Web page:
The state Supreme Court has ruled in favor of three young girls who sued Backpage.com after they were sold as prostitutes on the site.
The Washington Supreme Court has ruled in favor of three young girls who sued Backpage.com after they were sold as prostitutes on the site.
Thursday’s ruling says the Communications Decency Act does not protect Backpage from state lawsuits because there’s enough evidence to show that it didn’t just host the ads, but helped developed the content.
The lawsuit claimed Backpage.com markets itself as a place to sell “escort services” but actually provides pimps with instructions on how to write an ad that works.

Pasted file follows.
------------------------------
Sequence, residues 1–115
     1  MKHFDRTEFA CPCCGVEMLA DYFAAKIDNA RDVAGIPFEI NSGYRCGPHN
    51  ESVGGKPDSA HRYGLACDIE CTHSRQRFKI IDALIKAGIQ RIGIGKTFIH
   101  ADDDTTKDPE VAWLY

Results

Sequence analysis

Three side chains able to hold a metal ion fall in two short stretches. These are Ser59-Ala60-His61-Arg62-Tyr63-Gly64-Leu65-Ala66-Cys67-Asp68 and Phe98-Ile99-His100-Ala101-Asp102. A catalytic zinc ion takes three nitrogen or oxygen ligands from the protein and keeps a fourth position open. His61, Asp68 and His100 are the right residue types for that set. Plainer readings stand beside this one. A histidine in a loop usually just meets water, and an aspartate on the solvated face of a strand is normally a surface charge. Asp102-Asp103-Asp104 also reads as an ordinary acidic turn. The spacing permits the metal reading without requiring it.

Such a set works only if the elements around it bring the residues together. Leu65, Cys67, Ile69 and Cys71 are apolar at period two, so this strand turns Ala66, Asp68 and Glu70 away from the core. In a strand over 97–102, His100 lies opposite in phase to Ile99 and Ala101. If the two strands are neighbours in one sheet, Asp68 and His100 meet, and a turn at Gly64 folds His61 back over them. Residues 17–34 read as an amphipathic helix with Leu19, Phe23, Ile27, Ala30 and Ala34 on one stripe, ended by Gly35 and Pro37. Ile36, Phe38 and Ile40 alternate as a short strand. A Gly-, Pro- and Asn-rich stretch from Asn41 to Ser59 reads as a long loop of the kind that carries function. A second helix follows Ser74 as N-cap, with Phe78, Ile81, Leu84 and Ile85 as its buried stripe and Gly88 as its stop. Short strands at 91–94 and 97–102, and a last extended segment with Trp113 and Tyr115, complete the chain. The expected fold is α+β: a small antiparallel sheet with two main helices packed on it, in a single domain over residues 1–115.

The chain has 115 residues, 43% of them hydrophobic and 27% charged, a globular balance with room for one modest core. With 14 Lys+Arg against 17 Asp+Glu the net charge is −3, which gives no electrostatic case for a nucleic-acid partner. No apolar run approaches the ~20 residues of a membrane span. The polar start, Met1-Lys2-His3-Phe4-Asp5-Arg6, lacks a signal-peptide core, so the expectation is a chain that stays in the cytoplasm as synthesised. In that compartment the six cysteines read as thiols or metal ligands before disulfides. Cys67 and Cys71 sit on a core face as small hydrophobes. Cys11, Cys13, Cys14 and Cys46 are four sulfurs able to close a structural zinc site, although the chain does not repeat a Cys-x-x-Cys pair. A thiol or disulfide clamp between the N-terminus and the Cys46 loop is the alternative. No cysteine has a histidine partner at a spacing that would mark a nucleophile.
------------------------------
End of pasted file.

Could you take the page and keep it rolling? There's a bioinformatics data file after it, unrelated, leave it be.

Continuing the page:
Backpage had filed a motion to dismiss the suit. A lower court denied that request and they appealed saying they are immune from liability.
Most Read Local Stories
- Former Bellevue CEO sentenced to seven years for H-1B visa fraud
- 'Debating my entire lifetime': I-976 marks Seattle area's 8th vote on light rail in 24 years | Danny Westneat
- ‘I just bear-hugged her’: Washington woman finds her missing dog after 57-day search in Montana
- 'The youth are watching': Global Climate Strike draws students, adult allies to Friday demonstrations in Seattle WATCH
- Don't connect the dots, Durkan's office says after ally appears to undercut her police-reform plan WATCH
But the Supreme Court says the case should proceed because the girls have alleged facts that, if proved, would show that Backpage helped produce illegal content.